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China’s internet watchdog, the Cyberspace Administration of China, is in charge of creating rules on the internet in China. It regularly publishes a magazine called China Wangxin, or China Cyberspace. Typically, it uses the publication to make announcements about policy decisions, but it also can sometimes feature prominent people in the tech sector – and this most recent one was a doozie.
“As technology accelerates, it may one day surpass human understanding and control,” he wrote in the article. “Some are optimistic and some are pessimistic. But I believe that as long as we are not complacent and always maintain a sense of urgency, the future of humanity will be bright, driven by the power of technology.”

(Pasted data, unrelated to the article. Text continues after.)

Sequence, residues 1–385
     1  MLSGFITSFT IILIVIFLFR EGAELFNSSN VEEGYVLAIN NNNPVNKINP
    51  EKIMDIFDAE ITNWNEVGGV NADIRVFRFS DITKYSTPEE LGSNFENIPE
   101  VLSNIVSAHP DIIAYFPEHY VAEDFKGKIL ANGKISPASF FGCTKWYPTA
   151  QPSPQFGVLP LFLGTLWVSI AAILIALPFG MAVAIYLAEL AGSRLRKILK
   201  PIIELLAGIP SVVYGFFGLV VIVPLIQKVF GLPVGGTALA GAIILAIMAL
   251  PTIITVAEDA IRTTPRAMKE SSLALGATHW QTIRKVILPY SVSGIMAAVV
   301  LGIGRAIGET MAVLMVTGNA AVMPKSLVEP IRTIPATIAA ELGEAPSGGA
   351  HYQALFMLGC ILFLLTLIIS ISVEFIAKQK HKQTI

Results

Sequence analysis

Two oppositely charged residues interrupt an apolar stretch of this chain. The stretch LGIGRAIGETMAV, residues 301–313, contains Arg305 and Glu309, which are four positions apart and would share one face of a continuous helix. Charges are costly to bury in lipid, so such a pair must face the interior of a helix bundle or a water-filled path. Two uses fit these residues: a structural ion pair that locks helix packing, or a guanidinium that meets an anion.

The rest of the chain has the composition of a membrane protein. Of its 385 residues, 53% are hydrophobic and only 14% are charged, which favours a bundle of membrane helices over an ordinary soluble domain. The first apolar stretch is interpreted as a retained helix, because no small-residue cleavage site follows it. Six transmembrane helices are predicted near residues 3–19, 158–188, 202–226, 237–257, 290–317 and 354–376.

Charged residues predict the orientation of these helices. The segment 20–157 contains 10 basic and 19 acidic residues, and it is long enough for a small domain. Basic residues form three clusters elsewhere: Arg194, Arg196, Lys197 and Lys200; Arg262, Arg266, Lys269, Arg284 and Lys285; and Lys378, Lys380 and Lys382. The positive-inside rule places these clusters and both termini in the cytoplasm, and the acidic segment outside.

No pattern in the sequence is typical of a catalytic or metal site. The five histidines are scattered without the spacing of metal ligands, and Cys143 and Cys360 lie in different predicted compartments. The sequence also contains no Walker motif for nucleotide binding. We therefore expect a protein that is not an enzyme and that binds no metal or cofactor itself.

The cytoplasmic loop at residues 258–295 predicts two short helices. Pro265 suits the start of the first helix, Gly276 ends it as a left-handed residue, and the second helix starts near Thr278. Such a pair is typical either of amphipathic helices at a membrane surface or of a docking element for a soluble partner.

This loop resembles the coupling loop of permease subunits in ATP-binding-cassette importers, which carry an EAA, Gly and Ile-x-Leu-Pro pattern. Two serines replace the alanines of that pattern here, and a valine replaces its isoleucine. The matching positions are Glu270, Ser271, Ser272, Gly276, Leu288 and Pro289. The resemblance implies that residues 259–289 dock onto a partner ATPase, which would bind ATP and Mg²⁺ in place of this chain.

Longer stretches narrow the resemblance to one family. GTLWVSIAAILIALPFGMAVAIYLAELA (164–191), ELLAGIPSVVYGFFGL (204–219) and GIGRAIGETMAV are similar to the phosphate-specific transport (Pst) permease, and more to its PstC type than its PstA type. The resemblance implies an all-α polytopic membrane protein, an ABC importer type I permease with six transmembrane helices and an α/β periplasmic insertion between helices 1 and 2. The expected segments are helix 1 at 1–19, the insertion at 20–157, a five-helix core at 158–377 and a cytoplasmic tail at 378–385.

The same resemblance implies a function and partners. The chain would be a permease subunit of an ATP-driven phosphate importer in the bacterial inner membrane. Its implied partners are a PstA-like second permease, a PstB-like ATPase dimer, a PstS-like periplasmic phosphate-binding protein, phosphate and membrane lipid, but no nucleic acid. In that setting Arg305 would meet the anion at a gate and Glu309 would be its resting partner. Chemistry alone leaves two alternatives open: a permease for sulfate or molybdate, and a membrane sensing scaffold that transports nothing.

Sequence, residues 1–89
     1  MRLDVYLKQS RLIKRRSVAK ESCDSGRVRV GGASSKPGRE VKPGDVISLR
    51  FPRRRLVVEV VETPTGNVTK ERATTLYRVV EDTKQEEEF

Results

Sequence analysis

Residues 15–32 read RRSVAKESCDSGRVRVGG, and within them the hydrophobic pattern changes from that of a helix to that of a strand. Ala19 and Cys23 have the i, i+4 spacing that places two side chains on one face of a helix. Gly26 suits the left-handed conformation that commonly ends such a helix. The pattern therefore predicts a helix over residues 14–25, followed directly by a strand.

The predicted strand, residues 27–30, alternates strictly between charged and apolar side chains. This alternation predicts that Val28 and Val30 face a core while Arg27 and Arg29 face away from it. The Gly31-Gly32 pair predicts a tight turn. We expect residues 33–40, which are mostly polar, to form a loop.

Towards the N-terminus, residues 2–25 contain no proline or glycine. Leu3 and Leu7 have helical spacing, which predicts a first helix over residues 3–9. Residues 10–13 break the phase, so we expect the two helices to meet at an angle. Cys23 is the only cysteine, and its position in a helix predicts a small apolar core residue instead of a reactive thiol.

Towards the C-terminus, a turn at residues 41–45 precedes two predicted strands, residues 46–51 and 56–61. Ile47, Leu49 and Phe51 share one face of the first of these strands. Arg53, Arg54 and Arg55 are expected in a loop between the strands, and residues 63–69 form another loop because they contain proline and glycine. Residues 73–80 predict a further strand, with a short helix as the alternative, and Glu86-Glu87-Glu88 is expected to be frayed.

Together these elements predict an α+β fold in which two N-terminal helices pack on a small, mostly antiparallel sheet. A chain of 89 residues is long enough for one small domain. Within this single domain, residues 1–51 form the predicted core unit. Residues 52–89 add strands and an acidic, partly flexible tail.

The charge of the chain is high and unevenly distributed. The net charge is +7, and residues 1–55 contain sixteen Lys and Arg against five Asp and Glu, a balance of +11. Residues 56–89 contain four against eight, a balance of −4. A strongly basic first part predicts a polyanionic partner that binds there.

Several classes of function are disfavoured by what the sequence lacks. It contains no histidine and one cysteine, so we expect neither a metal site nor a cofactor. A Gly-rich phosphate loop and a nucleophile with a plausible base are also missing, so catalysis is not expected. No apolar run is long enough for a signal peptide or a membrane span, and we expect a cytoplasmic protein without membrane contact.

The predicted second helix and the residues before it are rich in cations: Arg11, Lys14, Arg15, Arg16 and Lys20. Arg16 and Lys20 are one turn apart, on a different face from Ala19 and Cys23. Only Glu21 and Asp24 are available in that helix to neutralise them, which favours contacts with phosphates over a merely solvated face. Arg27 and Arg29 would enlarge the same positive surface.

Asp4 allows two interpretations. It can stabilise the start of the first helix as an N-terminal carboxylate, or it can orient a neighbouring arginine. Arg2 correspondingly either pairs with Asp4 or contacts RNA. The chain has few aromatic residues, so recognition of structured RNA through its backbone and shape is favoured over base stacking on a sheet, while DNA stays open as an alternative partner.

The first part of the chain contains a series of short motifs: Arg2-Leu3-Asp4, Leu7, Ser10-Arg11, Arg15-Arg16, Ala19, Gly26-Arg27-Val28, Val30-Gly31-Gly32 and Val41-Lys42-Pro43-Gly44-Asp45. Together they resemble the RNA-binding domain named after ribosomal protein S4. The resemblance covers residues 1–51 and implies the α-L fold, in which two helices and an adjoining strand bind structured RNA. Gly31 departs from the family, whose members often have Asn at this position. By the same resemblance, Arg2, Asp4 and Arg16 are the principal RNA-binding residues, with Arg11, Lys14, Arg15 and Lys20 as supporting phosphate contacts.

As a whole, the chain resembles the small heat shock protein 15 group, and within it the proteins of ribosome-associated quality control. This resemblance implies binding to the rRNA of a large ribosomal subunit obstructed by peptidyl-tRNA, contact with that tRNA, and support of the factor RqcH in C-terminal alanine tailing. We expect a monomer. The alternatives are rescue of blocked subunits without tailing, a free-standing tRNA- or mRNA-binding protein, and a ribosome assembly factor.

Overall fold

Musk makes a lot of money in China – Tesla makes about a quarter of its revenue there. So this article was a really big chance for Musk to advertise his products with implicit approval from Chinese officials essentially.
Musk wasn’t the only big name in this edition, though – Ant Group CEO Eric Jing Xiandong also had an article in the magazine titled “Bringing small but beautiful changes to the world.”
Stepping back, these articles have been published as China starts to ease its grip on the internet and tech industry after an unprecedented, sweeping crackdown. It also represents the remarkable amount of influence the private sector has recently gained in the country in just a quick few decades.